A shady NPC from Destiny 1, Variks, is reinstated as your designated plot-guide. During the intro to the new campaign, he’s chased and eventually captured by the designated villain, Eramis, who has allegedly been seduced and consumed by the power borrowed from the Darkness. We are told (literally, Variks tells us) again and again that Eramis was at one time his friend but has betrayed him, and all of their people, because the power of the Darkness had made her mad. Typically for the “story” of Destiny, the events rendered in the game land no credence to these claims. What we see instead is Eramis grasping for straws (consorting with the Darkness, unleashing the Vex on Europa and possibly other things I haven’t discovered yet) in desperate attempts to obtain some leverage for her people, who are mercilessly hunted down every which way and are generally depicted and treated as mindless beasts. At the time we witness her confrontation with Variks, they are indeed enemies, but it rather sounds like Variks was the one to betray Eramis, by turning his back on her cause because he didn’t approve of her means, not the other way around.

He keeps insisting that, if she is not stopped, she would destroy everything. But there’s nothing at all to support this. In a previous campaign, the Red War, the Last City of humanity is attacked and decimated by the Red Legion, who later proceed to point a gun of mythic proportions at the Sun, threatening to literally destroy the entire solar system. Fair enough! You’re then obliged to go kick their butts and save the world. But Eramis in Beyond Light threatens no one. She claims she seeks independence for her people and this is consistent with her actions. Oh, sure, she gives speeches about taking revenge on the Traveler for abandoning her kind. But all she ever does in practice is defend herself, her headquarters, her men and her supplies from the aggression of the player, who, as usual, has no say in the matter, but blindly follows Variks’ instructions. Never mind that this same Variks has orchestrated the breakout from the Prison of Elders, unleashing a plague of deranged criminals on the system and indirectly causing the death of a favorite friendly NPC. One could hardly imagine a less trustworthy task-giver. But one is not really expected to use their brain to begin with.

Leviathan, home of four raids that were removed from the game, the Menagerie, the Tribute Hall, and the lovely toy binary star. ♥

In line with every other Greatest Threat to Humanity Ever, this one is resolved without actually contributing anything to the struggle to overcome the Darkness. The only victory won by executing Eramis and exterminating her people is that the ancient technologies buried under the surface of Europa are kept out of the hands of the Eliksni. Wow. Totally worth it.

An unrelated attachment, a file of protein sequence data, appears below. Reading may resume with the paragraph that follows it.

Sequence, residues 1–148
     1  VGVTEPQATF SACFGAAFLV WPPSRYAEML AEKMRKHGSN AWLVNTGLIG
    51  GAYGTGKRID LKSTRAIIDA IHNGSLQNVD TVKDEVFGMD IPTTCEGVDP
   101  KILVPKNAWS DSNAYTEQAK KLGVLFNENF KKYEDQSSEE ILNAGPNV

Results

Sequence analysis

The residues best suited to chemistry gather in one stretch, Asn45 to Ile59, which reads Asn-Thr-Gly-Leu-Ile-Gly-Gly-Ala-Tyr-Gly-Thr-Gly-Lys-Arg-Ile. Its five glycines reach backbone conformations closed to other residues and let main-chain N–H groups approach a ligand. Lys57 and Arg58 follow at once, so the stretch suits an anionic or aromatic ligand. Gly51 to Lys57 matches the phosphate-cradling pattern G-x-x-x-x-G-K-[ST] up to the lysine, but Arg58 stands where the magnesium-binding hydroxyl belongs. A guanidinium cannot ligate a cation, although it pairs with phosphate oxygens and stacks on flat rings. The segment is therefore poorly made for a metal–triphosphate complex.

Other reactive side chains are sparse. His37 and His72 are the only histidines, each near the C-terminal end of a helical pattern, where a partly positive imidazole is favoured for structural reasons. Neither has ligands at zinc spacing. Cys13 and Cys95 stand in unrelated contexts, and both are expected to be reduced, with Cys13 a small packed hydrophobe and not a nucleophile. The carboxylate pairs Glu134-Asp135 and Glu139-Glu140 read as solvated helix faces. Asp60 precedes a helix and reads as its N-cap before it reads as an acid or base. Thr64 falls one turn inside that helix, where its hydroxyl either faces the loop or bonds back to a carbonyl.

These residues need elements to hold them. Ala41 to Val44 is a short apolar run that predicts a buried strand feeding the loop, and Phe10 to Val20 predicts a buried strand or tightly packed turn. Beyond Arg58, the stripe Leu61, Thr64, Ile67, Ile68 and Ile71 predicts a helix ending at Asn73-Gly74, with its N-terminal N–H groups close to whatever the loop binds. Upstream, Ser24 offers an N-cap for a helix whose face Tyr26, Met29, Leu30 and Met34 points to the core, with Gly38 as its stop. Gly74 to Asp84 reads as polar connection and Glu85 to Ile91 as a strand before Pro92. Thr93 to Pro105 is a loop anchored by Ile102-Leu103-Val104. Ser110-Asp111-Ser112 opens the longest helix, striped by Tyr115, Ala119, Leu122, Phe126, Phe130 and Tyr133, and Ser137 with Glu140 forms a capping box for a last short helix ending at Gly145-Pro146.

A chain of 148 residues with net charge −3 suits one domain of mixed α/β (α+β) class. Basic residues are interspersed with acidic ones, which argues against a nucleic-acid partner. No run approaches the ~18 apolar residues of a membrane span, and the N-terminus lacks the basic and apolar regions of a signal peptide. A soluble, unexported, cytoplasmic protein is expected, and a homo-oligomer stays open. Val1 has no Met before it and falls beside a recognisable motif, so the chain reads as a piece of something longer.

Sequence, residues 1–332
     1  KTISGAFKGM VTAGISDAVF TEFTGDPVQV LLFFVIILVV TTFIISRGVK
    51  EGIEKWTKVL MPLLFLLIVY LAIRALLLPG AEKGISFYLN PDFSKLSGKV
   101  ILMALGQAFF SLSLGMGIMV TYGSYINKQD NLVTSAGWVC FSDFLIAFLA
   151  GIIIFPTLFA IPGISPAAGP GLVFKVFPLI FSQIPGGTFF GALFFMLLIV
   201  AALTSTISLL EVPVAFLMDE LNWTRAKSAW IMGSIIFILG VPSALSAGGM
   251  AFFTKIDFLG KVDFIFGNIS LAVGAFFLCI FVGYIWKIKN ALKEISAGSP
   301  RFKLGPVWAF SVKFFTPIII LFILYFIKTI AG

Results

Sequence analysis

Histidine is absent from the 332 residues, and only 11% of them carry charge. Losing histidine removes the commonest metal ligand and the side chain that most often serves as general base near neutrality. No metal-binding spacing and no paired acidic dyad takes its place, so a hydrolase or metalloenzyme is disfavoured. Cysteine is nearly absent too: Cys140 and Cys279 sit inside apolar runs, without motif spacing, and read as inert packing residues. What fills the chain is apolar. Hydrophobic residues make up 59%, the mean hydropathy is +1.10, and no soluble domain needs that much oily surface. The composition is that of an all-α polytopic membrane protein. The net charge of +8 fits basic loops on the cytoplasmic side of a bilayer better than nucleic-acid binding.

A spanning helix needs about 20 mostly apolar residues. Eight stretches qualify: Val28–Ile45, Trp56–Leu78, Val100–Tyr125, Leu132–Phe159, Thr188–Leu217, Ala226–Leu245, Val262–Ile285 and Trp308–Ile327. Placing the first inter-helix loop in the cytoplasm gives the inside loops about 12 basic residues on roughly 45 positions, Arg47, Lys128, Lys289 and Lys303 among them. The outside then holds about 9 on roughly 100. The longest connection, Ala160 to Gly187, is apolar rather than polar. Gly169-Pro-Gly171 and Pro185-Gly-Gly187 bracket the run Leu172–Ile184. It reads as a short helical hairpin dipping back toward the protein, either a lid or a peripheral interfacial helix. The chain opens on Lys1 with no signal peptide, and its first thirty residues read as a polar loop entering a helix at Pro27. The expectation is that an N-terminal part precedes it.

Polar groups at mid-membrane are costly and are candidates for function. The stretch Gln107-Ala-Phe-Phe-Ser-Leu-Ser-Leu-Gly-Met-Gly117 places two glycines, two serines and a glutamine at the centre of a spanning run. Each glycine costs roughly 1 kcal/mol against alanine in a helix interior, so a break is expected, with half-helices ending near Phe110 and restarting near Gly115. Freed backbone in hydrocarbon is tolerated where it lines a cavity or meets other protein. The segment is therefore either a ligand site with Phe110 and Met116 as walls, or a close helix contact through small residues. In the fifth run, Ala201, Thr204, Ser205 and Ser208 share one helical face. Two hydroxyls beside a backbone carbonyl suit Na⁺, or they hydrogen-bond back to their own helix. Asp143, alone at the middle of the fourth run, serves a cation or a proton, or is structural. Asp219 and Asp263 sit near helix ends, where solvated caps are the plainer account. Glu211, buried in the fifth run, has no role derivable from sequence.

What annoys me the most when I think about the poorly thought out and even more poorly executed game narratives like this one, is that someone, likely an entire small team of people, was payed to spend days, weeks, or even months crafting it, and are entitled to call themselves professional writers, yet I can come up with half a dozen things that would instantly improve it in five minutes.

Destiny 1 (or Shadowkeep…): Earth seen from the Moon.

For example, there can be no doubt that they wanted us to somewhat sympathize with Eramis, and that they wanted us to become convinced that the power of the Darkness corrupts even the greatest. But telling us that she has succumbed to corruption, while she used to be straight and good before, doesn’t cut it. It wouldn’t cut it in a book, let alone a visual, movie-like medium of a video game. It would be far better and more effective on every level if Eramis was introduced not as a power-crazed, blood-thirsty monster driven by nothing by revenge, but instead as the good, strong leader of a people on the verge of extinction and a loyal friend of Variks. An ally, at first, someone we can get to know and respect, perhaps even someone we can trust to initiate us into the temptation of the Darkness. Then, in stages, we witness her change as her people are, say, denied a safe refuge on Europa, or their numbers start dwindling as they assist the fight against the Vex while not getting the promised supplies in return. Her fall could’ve been depicted as one motivated by despair, not by blind hunger for domination. Variks could’ve tried to act as a liaison, to defend and justify her actions instead of immediately accusing and disowning her. Until she does something to prove she’s beyond redemption and force your hand. And then, in the final conflict, you could demonstrate the Darkness hasn’t corrupted you by showing her mercy.